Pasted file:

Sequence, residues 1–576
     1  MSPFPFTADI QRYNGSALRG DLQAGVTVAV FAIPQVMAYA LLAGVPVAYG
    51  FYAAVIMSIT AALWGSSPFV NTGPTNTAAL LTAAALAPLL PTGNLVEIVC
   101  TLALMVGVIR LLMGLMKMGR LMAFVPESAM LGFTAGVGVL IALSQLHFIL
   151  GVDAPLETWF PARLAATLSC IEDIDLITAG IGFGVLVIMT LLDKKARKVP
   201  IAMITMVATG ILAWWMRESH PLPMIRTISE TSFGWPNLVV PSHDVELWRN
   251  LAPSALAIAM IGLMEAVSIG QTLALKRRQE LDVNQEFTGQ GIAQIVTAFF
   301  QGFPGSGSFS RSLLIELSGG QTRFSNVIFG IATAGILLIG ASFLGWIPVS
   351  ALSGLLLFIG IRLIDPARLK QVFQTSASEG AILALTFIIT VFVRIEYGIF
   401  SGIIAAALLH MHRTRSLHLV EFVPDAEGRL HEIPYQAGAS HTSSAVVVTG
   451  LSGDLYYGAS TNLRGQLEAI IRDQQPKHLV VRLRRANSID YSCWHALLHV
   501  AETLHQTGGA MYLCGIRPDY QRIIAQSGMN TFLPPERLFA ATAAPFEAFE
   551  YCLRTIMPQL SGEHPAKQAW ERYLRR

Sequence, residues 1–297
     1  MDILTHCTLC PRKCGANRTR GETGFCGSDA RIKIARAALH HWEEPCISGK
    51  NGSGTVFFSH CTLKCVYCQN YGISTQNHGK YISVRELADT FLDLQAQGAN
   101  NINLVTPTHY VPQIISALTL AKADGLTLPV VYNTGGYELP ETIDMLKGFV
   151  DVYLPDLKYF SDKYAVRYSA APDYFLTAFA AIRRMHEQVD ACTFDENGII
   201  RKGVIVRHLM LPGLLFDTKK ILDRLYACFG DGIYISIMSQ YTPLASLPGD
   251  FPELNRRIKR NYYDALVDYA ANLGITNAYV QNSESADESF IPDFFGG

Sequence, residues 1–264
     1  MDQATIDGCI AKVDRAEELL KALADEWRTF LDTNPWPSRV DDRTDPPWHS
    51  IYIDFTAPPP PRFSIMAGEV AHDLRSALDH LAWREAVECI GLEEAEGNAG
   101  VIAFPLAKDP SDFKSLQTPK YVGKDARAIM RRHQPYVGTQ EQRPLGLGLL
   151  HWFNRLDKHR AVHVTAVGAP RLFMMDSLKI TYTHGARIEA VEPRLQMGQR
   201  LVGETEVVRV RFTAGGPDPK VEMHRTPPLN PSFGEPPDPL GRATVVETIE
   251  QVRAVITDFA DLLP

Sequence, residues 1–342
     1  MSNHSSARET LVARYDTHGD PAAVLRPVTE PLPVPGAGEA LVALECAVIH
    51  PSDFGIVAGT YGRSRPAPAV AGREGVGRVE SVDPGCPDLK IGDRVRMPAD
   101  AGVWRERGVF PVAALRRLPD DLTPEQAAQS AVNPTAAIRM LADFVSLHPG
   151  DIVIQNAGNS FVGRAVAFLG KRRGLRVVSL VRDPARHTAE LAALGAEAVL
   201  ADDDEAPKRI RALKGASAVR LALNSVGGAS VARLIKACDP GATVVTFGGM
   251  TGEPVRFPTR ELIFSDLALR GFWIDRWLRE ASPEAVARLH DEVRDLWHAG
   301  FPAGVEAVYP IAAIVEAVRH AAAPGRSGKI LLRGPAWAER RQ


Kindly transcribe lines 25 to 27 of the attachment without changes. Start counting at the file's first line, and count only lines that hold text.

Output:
   151  HWFNRLDKHR AVHVTAVGAP RLFMMDSLKI TYTHGARIEA VEPRLQMGQR
   201  LVGETEVVRV RFTAGGPDPK VEMHRTPPLN PSFGEPPDPL GRATVVETIE
   251  QVRAVITDFA DLLP